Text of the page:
With millions in settlement dollars, Wis. health officials announce plan against opioid epidemic
MADISON, Wis. (WMTV) - This year, the Department of Health Services expects to get nearly $31 million for the task to fight Wisconsin’s opioid epidemic.
The funds are the result of a settlement, as part of the National Prescription Opiate Litigation. About $6 million arrived as a first payment in late July, the DHS announced.
DHS Secretary-Designee Karen Timberlake said Monday the plan to distribute the funds has been submitted to the state Legislature’s Joint Committee on Finance.
Divided into three phases, the plan would largely tackle immediate needs, increase access to services around the state and invest in long term projects. Among the proposed figures, $3 million would increase the statewide availability of Narcan, the drug used to reverse opioid overdoses.
Set aside is even more money for capital projects, to expand prevention, treatment and recovery services.
“The longer we delay, the more we put at risk those who would benefit most from these life-saving investments,” Timberlake said.
Attorney General Josh Kaul (D-Wisconsin) spoke alongside health officials Monday.
“These funds have an opportunity to transform the response to the opioid epidemic and, finally, to turn the corner in this fight,” he said. “It’s critical though that those funds get to our communities as soon as possible because communities and families across the state of Wisconsin continue to suffer from the impacts of substance use disorder and from opioid overdoses.”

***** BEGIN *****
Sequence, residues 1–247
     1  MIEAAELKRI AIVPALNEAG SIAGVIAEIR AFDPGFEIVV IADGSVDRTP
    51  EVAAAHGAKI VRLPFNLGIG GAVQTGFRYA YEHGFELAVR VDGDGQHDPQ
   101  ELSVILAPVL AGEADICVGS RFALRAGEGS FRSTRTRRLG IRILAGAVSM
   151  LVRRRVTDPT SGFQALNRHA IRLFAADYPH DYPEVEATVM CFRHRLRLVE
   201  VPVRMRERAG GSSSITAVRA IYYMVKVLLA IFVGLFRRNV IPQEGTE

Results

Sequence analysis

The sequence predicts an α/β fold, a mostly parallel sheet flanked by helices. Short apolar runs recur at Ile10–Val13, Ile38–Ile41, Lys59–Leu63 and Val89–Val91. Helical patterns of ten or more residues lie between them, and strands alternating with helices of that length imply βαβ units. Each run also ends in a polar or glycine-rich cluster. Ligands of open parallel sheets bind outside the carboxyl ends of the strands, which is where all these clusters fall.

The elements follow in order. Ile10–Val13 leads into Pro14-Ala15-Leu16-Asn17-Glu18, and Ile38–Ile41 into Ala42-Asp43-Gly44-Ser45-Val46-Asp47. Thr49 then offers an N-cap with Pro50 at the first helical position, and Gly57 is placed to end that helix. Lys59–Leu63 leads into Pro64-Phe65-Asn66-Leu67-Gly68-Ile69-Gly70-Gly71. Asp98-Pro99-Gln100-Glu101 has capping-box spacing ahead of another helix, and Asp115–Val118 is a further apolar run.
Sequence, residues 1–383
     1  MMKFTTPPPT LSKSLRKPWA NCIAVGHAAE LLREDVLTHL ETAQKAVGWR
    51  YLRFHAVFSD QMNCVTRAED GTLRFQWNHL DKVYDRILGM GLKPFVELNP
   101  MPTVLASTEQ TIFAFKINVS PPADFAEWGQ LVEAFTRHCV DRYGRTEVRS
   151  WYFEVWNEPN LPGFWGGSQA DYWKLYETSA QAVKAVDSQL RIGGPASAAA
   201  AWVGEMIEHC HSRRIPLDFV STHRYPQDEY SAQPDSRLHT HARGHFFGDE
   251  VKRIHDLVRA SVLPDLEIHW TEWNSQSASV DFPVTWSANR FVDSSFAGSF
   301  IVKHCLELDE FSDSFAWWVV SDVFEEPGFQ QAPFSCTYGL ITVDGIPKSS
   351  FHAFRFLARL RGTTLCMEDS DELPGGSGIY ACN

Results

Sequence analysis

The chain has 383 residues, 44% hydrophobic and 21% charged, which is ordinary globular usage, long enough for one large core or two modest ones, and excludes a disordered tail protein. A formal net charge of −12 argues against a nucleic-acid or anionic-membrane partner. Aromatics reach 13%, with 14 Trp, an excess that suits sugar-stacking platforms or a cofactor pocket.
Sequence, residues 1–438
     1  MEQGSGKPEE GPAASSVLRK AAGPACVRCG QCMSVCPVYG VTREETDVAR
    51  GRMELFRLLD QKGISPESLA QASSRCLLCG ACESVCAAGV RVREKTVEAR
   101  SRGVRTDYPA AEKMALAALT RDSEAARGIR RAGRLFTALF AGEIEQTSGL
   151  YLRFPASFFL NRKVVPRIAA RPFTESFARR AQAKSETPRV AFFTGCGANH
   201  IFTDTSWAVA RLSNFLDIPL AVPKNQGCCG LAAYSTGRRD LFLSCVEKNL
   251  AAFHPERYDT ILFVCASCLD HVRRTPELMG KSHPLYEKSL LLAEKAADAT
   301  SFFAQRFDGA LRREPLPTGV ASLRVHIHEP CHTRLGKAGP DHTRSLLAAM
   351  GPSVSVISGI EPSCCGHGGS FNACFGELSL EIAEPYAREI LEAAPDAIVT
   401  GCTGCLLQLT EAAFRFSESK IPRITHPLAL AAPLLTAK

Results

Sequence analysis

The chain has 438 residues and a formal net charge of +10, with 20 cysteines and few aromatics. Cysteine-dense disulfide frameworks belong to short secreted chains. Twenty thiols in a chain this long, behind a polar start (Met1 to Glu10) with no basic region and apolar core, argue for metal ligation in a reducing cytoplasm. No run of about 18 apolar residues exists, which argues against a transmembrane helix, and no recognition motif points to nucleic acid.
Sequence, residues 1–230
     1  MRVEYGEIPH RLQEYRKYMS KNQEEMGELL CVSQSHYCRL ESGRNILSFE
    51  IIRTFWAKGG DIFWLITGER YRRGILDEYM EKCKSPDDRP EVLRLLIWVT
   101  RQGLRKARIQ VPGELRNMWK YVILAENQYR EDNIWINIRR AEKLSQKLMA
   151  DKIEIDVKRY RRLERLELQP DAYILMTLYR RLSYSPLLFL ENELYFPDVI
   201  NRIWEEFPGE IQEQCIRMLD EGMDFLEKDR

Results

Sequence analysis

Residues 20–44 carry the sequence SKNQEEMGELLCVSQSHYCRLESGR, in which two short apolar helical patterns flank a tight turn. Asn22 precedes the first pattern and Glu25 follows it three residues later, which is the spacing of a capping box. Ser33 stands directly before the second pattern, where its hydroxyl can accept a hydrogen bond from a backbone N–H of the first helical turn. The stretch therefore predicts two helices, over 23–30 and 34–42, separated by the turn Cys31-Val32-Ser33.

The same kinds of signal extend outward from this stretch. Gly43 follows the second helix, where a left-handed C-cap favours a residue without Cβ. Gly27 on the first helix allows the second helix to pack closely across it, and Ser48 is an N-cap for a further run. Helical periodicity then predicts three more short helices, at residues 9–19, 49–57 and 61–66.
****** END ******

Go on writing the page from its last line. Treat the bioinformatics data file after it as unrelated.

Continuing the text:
The Department of Justice has been working to “hold opioid companies accountable for their role in this epidemic,” according to Kaul.
Wisconsin’s opioid crisis began in the late 1990s, Timberlake said, amounting to an almost 900 percent increase in opioid overdose deaths from 1999 to 2018.
According to DHS data comparing demographic groups in 2020, Black people in Wisconsin had the highest rate of all opioid deaths.
“We don’t want to see our Black men or women ,again, dying from this when they don’t have to,” Carola Gaines, co-chair of the African American Opioid Coalition, said. “If they really want to change the narrative and they really want to transform issues then hopefully some of this funding will be involved in harm reduction, recovery housing and treatment.”
In the years to come, Wisconsin is due to receive more than $400 million in total settlement funds. Thirty percent of total funds will stay at the state level, while 70 percent will go to local governments.
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